City Council Approves Expansion of Lopez Canyon Landfill : Trash: The panel imposes 22 conditions to limit contents. Passage includes spending $5 million to improve conditions for the dump’s neighbors.
The City Council voted Wednesday to expand the city’s huge Lopez Canyon landfill, but it also will spend $5 million on amenities for nearby residents to ease the pain of living next to the dump.
Faced with the mounting problem of where to put the city’s gargantuan garbage output, the council unanimously approved an expansion permit. In so doing, the lawmakers also imposed 22 conditions to limit the dump’s contents and combat gas leaks and answer health complaints from neighbors in Lake View Terrace.
The measure was sent to Mayor Tom Bradley on a 14-0 vote.
Councilman Ernani Bernardi, who represents the area, called the action a “good deal” for residents near the 392-acre landfill, where one-third of the city’s garbage is dumped daily.
“Compared with where we were two years ago, this is a major victory for the community,” agreed Rob Zapple, leader of a group of homeowners in adjoining Kagel Canyon who opposed the landfill expansion.
Controversy about noise, odors and windblown litter has dogged Lopez Canyon, the only city-owned dump, for several years.
Last year, state air pollution authorities ordered the city to pay $150,000 in penalties because of repeated leaks of methane gas generated by decomposing garbage, including incidents in which workers were overcome by fumes. In a related action, the city last September also agreed to spend $3.2 million to improve the landfill’s equipment for collecting and burning the gas.
One of the conditions imposed on the landfill’s operator, the city Bureau of Sanitation, is a $5-million fund to pay for numerous amenities, including tree plantings and recreational facilities, for the dump’s neighbors. The fund is to be administered by Bernardi’s office.
Another condition commits the city to a five-year program, costing $2.5 million annually, to keep hazardous household waste--such as motor oil, fingernail polish and paint--out of Lopez Canyon. The program will enable residents throughout the city to legally dispose of their hazardous wastes at toxic dump sites.
State laws prohibit dumping such material in landfills such as Lopez Canyon.
The council’s action approved a permit to allow 4,000 tons of garbage to be dumped daily into a 50-acre offshoot of Lopez Canyon, called Canyon C, for the next five years.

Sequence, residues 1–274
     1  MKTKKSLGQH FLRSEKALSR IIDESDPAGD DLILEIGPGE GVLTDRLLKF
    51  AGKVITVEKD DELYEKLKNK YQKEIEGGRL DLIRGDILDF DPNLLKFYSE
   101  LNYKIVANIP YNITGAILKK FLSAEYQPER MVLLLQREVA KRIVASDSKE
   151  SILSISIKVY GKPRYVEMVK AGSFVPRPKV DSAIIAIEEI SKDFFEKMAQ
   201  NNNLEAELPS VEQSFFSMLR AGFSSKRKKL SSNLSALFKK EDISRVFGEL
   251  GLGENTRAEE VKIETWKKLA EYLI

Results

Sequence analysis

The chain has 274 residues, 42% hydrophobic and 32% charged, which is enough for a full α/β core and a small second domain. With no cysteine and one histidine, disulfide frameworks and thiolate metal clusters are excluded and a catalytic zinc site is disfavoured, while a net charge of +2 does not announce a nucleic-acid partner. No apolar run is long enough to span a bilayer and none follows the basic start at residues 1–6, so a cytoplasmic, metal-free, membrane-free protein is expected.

The Bureau of Sanitation had sought a 20-year permit to dump up to 7,200 tons per day.
Mike Miller, a bureau official, said the city has voluntarily been dumping about 4,000 tons a day at the canyon for several years. The remainder of the 5,500 to 6,000 tons of trash collected daily by city crews is dumped at private landfills, including Bradley West in Sun Valley, and a county-owned site in Calabasas.
City residents and businesses generate about 18,000 tons of trash daily, Miller said. Trash from businesses and apartment buildings accounts for two-thirds of the total, but is collected by private firms. Only refuse collected by city crews is dumped at Lopez.
Other conditions imposed limit the landfill’s height upon completion to 1,770 feet above sea level, ban the dumping of sewage sludge, mandate selection of an independent official to monitor the city’s compliance with the conditions and require an annual review by the city Planning Commission.
Phyllis Hines, a leader of the Lake View Terrace Improvement Assn., said, “We’d have liked to have closed down the dump altogether. But it’s not realistic.”
Over the years, Bernardi has repeatedly complained to his council colleagues about the burden borne by his constituents because of the landfill.
A frequent complaint of Bernardi has been that residents of the ethnically mixed, blue-collar neighborhood lack the clout needed to win battles in City Hall, in contrast to Bel-Air and Brentwood residents who in the early 1980s were able to shut the Mission Canyon landfill, and environmental activists who got the city to close Toyon Canyon landfill in Griffith Park.